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Tanzanian wildlife authorities seize over 60
bicycles used by poachers in game reserve   

DAR ES SALAAM Tanzania Tanzania (Xinhua) -- The Tanzania Wildlife Management Authority (TAWA), a state wildlife management and conservation body, said on Thursday it has seized more than 60 bicycles that were used by poachers inside the Selous Game Reserve.

Augustino Ngimilanga, TAWA’s North-West Zonal Chief, said the authority has also seized 100 metal snares used by poachers to catch wild animals in the game reserve.

Ngimilanga said the bicycles and the snares were seized in a special operation and routine patrols carried out by TAWA game rangers inside the 50,000-square kilometer reserve, home to elephants and other wild animals.

“We have stepped up efforts of patrolling the area and in the recent past we also deployed patrol boats in the Rufiji River crossing in the Selous Game Reserve for efficiency,” he said.

Ngimilanga added that poaching, logging and illegal fishing were the common crimes committed inside the Selous Game Reserve, one of the largest faunal reserves of the world, located in the south of Tanzania.

He said poachers inside the Selous were now using long plastic trumpets, commonly referred to as Vuvuzelas and torches to confuse and ultimately kill wild animals inside the reserve.

“They’ve designed a new method of killing our animals but we will continue hunting the criminals down,” he said.

Ngimilanga said TAWA will continue engaging local and foreign investors in the area in a bid to stamp out poaching.

Benson Kibonde, an official with Mkwawa Hunting Safaris, underscored the importance of protecting and conserving the Selous Game Reserve due to its diverse range of species and for being a catchment area for Kilombero and Rufiji Rivers.



Tanzania  government will soon start producing seeds locally

DAR ES SALAAM Tanzania (Xinhua) -- The government of Tanzania said on Thursday it will soon start producing seeds locally in a bid to stop turning the east African country into a dumpsite of foreign seeds.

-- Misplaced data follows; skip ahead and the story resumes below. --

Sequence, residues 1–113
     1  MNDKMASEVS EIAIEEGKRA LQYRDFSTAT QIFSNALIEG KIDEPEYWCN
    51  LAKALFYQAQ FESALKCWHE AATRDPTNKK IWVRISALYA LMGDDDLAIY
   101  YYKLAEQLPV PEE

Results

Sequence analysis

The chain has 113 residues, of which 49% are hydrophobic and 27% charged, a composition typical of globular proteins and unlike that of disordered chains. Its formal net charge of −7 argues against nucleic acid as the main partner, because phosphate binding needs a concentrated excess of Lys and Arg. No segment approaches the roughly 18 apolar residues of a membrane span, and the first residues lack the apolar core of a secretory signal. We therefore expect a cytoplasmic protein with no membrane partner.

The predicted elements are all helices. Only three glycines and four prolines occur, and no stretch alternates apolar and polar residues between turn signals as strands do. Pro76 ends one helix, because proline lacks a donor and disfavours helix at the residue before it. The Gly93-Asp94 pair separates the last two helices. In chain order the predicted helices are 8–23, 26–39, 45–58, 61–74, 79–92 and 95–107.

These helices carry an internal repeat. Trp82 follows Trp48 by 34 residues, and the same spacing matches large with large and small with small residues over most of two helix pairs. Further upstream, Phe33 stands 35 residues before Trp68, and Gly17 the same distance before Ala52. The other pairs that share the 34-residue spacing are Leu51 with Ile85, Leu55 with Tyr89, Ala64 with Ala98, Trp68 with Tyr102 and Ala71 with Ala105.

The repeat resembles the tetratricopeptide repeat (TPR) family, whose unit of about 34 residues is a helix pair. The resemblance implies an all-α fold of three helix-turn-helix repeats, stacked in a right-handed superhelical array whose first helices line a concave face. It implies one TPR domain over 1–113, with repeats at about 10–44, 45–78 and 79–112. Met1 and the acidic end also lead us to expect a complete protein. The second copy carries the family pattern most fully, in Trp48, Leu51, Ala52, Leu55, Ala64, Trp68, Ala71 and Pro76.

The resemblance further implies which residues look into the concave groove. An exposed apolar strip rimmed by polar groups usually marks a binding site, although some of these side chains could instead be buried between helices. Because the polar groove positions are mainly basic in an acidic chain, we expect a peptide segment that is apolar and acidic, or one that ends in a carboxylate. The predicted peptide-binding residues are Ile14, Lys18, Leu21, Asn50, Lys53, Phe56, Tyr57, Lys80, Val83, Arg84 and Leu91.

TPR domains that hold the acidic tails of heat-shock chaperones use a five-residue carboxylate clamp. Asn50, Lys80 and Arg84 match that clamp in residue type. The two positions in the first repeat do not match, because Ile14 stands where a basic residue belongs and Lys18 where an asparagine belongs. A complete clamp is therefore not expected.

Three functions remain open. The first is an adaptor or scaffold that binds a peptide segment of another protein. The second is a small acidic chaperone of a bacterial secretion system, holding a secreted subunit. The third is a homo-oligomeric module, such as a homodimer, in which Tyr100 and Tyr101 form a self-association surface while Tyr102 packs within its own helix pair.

Charles Tizeba, the Minister for Agriculture, said the government has started encouraging Tanzanian investors to start producing the seeds locally.

“Those responsible for the importation will be given a certain time extension...after that they’ll have to start producing the seeds themselves,” said Tizeba at the inauguration of the Tanzania Official Seed Certification Institute (TOSCI) Board of Directors in Arusha region.

The minister said Tanzania has vast and fertile land, adding that it made no sense importing the seeds.

“This has to come to a stop as we have enough land, water and favorable climate which can all facilitate seed production in the country,” said Tizeba.

He wondered why most of the private seed companies continued importing the seeds for more than 15 years.

However, TOSCI Director General Patrick Ngwediagi, said between 60 and 75 per cent of the imported seeds had conformed to international standards.

He said the country’s seeds annual demand was 120, 000 tons while supply stood at 60,000 tons per year.

Susan Nchimbi-Msolla, TOSCI Board of Directors Chairperson, said the Seed Certification Institute had between March and December last year issued 1,120 importation and distribution permits to research institutions and seed companies in the country.

She added the institution will continue conducting crackdowns on distributors of fake seeds in the market.

“This will include deploying seed inspectors across the region and country wide in its efforts to address the proliferation of fake seeds in the market,” she said.

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